Friday, December 28, 2012

staying with me

I am still thinking about the school shooting.

I think most of us have events or books or understandings that stick. When I was in seventh or eighth grade I read The Diary of Anne Frank and curled up on my bunk bed crying because  Anne was never going to be a teacher. One summer during college, I was driving and heard the news about the mom who drowned her kids in the bathtub and I parked in front of the library and screamed.

And now I think about the shooting and the families and friends waking and eating breakfast or not eating breakfast and walking through their grief and falling asleep or not falling asleep. I listen to and read debates about what this means for the country and gun control and gun culture and violence and mental health provisions and school security and media coverage. Early in the reporting, when everyone but the NRA was eager to say something about Newtown and what this means, I heard Huckabee's quote linking the removal of God from public schools and the trail of shootings.

That almost undid me.

It's difficult to explain exactly why that viewpoint made me angry and sad at once. First, I believe God is present. I don't think legislation alters where God exists.

But that quote also needled another thought: the United States is not a wholly (or holy) Christian nation. Some of its first citizens loved God and sought His will, but not all. And some of the people living in the US now also love God and seek His will, but not all. There are many different faiths and while politicians may legislate morality, they cannot legislate a single faith. And Christians should understand that, because their faith is a walk, a journey, a run, a trek, a crawl, a climb that is innately personal and profound.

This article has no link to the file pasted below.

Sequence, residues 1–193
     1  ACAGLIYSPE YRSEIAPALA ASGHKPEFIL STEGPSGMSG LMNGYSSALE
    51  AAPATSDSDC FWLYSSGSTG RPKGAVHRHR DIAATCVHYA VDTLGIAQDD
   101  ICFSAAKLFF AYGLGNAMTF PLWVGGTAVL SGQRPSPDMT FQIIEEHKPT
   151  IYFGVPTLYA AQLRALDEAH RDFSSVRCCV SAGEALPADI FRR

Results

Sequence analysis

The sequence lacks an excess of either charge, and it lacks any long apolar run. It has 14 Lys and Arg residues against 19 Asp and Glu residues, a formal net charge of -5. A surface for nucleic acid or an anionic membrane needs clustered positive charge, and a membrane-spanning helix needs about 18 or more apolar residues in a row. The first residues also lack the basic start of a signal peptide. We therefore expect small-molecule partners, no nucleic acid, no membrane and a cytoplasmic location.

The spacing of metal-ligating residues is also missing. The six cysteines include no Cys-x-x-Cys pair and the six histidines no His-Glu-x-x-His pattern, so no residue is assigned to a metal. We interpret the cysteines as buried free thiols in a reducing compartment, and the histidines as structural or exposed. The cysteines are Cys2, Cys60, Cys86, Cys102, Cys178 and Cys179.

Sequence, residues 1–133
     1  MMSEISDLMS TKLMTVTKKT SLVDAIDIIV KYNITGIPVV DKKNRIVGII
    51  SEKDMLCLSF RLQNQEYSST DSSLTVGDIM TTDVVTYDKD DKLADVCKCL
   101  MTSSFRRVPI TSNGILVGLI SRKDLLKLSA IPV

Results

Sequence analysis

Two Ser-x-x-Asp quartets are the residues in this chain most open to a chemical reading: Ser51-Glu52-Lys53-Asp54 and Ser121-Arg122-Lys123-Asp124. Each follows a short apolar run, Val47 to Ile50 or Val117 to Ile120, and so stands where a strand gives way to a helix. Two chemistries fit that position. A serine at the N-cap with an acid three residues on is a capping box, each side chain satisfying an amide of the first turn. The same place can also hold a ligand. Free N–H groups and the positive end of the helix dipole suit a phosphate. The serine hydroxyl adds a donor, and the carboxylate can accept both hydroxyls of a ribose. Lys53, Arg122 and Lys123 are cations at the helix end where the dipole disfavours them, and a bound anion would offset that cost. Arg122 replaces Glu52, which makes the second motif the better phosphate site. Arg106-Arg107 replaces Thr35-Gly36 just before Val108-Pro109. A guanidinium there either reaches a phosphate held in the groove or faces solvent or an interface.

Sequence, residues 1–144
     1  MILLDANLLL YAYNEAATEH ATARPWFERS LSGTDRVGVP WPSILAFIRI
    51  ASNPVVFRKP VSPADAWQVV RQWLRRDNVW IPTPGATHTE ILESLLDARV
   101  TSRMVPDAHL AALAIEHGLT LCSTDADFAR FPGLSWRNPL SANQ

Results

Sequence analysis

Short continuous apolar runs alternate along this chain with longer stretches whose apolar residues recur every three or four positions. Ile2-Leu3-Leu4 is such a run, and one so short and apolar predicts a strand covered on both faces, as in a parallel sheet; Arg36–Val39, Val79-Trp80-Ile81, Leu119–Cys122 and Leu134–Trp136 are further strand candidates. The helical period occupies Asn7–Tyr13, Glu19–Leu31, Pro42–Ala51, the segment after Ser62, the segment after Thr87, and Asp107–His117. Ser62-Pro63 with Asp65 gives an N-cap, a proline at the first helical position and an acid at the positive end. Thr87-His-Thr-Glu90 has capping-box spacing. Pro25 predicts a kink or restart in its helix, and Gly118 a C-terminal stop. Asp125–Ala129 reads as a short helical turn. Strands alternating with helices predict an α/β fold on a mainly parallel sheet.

That personal faith spills into everyday life when Christians live what they believe right where they are. They are in office cubicles and board meetings and truck stops and college registrars and newspapers and banks and police stations and hospitals and coffee shops and department stores. And they are in schools. So God's love is being lived out in our world.

And God's love isn't lost because kids in public schools don't start their day with a prayer. God is bigger than that.

So I have been thinking about the Newtown victims and praying for their families and friends and neighbors in the community who hold close the sorrow and loss, will hold that sorrow for a long time yet. And I have been wrestling with my own unfinished what this means issues. Shortly before the Sandy Hook shooting, I was standing at the window looking out at the desert and Gulf and the apartment buildings between and I had a little heart cry: How do I live here? Here in Kuwait, but also here in this world. And I sensed God saying to simply walk close to him. Love him. Seek him. I complicate things and I want definitive answers about what this means but right now I also want to simply walk close to my God.

When I feel overwhelmed by sadness about the shooting and the young victims, I tell myself it is okay to feel sad for people I have never met, for a situation that isn't mine. And then, I think carefully about how to pray. Sometimes I pray for a specific family when their child's face comes to mind. Sometimes I pray for peace.

I can't write more without crying.

1 comment:

Steve said...

I read this at work, and I do have one thing to say about people. What we do day to day is one thing. The stuff people see. God looks on the inside. Our thoughts, and all that stuff.

So what we show in our life is one thing, but we are soooo much more than that. People don't really know that about us, but It is still there and still seen.

Oh, and I was lazy after work yesterday, and didn't do my project. Also didn't even take out the garbage out today. :) I am the worst, but it is cold outside.

Hope you have a great weekend. :)